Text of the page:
So let’s go through some key areas.
1.4nm in 2029
Intel expects to be on 2 year cadence with its manufacturing process node technology, starting with 10nm in 2019 and moving to 7nm EUV in 2021, then a fundamental new node in each of 2023, 2025, 2027, 2029. This final node is what ASML has dubbed '1.4nm'. This is the first mention on 1.4nm in the context of Intel on any Intel-related slide. For context, if that 1.4nm is indicative of any actual feature, would be the equivalent of 12 silicon atoms across.
It is perhaps worth noting that some of the talks at this year’s IEDM features dimensions on the order of 0.3nm with what are called ‘2D self-assembly’ materials, so something this low isn’t unheard of, but it is unheard of in silicon. Obviously there are many issues going that small that Intel (and its partners) will have to overcome.
+, ++, and Back Porting
In between each process node, as Intel has stated before, there will be iterative + and ++ versions of each in order to extract performance from each process node. The only exception to this is 10nm, which is already on 10+, so we will see 10++ and 10+++ in 2020 and 2021 respectively. Intel believes they can do this on a yearly cadence, but also have overlapping teams to ensure that one full process node can overlap with another.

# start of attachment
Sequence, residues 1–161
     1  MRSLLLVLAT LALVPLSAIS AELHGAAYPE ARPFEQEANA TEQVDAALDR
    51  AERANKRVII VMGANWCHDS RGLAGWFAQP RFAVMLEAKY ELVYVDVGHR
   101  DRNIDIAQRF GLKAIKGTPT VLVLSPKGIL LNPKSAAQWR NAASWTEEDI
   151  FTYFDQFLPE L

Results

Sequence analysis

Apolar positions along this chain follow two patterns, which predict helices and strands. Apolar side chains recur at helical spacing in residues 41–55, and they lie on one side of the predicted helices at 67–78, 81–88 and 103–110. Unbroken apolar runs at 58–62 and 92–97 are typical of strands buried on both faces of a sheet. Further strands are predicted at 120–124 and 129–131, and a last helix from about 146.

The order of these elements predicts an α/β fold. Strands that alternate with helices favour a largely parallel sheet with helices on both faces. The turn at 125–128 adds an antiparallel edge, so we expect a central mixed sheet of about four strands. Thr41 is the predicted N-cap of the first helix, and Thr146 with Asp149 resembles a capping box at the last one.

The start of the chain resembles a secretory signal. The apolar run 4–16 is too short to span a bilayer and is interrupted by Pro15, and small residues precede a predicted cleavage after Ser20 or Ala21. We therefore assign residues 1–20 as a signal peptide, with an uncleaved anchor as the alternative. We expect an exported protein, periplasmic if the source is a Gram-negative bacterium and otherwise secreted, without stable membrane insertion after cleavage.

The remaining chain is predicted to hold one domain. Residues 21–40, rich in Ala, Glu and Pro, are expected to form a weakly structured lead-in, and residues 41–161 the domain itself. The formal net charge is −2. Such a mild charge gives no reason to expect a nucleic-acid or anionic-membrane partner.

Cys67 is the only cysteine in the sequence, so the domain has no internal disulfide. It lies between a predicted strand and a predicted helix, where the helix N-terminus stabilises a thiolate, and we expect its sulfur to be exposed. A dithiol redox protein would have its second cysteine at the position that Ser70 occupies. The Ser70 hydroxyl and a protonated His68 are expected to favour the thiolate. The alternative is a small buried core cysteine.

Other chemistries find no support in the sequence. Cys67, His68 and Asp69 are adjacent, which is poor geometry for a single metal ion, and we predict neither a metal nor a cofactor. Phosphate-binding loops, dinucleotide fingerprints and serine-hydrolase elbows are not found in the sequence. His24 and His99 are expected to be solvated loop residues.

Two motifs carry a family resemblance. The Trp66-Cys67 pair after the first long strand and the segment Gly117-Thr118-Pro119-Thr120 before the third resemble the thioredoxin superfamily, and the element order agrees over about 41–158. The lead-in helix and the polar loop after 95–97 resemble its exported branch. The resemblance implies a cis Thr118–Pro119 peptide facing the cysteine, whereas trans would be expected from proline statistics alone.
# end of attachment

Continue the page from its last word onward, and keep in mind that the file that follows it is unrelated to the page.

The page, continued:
Update: After some emailing back and forth, we can confirm that the slide that Intel's partner ASML presented at the IEDM conference is actually an altered version of what Intel presented for the September 2019 source. ASML added animations to the slide such that the bottom row of dates correspond to specific nodes, however at the time we didn't spot these animations (neither did it seem did the rest of the press). It should be noted that the correlation that ASML made to exact node names isn't so much a stretch of the imagination to piece together, however it has been requested that we also add the original Intel slide to provide context to what Intel is saying compared to what was presented by ASML. Some of the wording in the article has changed to reflect this. Our analysis is still relevant.
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